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So Now What?

  • Heads Up: Healthcare Is Still in Trouble The Fiscal Times by Rob Garver — The issue of the U.S. health insurance system was taken off the front burner with the evident failure of the Republican effort to repeal and replace the Affordable Care Act. But while it may not be in the headlines as much as it once was, the health care system in the United States is still in need of serious attention. Insurers, for example, still don’t know whether or not they can expect to continue to receive cost sharing reduction payments from the government, part of the original arrangement made under the law to keep them profitable without raising rates to unaffordable levels.

  • Trump Administration Shifts Tone on Obamacare, Signals Openness to Bipartisan 'Fix' Los Angeles Times by Noah Bierman — The Trump administration, thwarted in several attempts to repeal the Affordable Care Act, notably shifted tone Wednesday, opening the door for a bipartisan plan to "fix" the law. The change came even as a fight escalated between President Trump and Senate Majority Leader Mitch McConnell (R-Ky.) over who is to blame for the Republican Party's failure to repeal Obamacare. "Both folks in the House and the Senate, on both sides of the aisle frankly, have said that Obamacare doesn't work, and it needs to be either repealed or fixed," Health and Human Services Secretary Tom Price said on the Fox News program “Fox & Friends.” "So the onus is on Congress," he said. Talk of fixing the law is new for most Republicans. Price and President Trump have long focused only on repealing or replacing it.

  • Bipartisan Health Policy Coalition Urges Congress to Strengthen the ACA Washington Post by Amy Goldstein — An unlikely coalition of liberal and conservative health policy leaders is calling on Congress to strengthen the existing health care law in a variety of ways to help Americans get and keep insurance. The group is urging the government, in particular, to continuing paying all the federal subsidies provided under the Affordable Care Act and to help Americans enroll in coverage. In a five-point set of principles issued Wednesday, the coalition lays out a potential bipartisan path forward after a Republican strategy to tilt federal health policies in more conservative directions failed in the Senate last month. The four-page consensus document by the Health Reform Roundtable is the product of eight months of discussions among an ideologically eclectic group of nine health-care experts based at think tanks, universities and advocacy groups — some of whom have held senior policy roles in the federal government or presidential campaigns.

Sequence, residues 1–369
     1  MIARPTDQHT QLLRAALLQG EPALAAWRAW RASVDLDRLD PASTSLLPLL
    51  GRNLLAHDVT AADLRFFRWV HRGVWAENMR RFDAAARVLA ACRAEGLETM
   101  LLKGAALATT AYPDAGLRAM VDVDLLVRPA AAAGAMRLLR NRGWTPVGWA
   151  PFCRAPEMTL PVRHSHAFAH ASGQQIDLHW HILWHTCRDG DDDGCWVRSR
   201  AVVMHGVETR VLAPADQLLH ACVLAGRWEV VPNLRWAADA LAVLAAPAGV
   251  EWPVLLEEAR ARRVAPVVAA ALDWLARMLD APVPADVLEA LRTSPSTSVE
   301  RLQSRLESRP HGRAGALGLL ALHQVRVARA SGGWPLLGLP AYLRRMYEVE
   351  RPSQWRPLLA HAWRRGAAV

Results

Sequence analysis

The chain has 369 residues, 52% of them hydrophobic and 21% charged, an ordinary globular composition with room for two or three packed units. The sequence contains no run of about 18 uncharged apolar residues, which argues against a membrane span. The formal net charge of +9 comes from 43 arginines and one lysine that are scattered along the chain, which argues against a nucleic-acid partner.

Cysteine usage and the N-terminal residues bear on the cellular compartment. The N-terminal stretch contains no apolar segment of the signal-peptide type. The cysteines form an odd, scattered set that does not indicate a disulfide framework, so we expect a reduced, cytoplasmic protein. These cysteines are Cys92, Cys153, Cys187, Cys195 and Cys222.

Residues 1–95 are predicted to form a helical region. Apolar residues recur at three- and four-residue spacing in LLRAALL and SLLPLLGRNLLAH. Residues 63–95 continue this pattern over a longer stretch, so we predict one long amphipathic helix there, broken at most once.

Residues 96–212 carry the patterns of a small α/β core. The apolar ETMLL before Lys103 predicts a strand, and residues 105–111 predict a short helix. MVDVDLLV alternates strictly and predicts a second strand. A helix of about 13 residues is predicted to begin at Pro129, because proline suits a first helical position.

• Women—Young And Older—Reap Benefits Of Obamacare, Study Says NPR (Louisville) by Lisa Gillespie — For over three decades, Sarah Cox has given women pap smears, mammograms and advice about options for contraception. But her Louisville practice is small – only five people – and she can’t afford to provide her employees with health insurance. That benefit gap wasn’t usually a problem until one employee’s circumstances changed and they needed insurance. Cox said that’s when the Affordable Care Act — also known as Obamacare — came to the rescue. “It’s made it possible for her to keep insurance because it’s been available, which is huge for us,” Cox said. “She’s’ been with us since day one, so to keep her as an employee was very important to us.” Cox’s employee gained coverage through Kentucky’s individual insurance market, known as Kynect at the time. But the employee didn’t just gain health insurance. She also received ACA-required maternity coverage and free contraception — neither were routinely covered before the law was implemented. Also prior to Obamacare, health insurers could charge higher premiums to women because of age and they could deny coverage based on gender. After the implementation of the ACA, the number of uninsured women in the U.S. fell from 20 percent in 2010 to 11 percent in 2016. That’s according to a new study out Thursday from the Commonwealth Fund.

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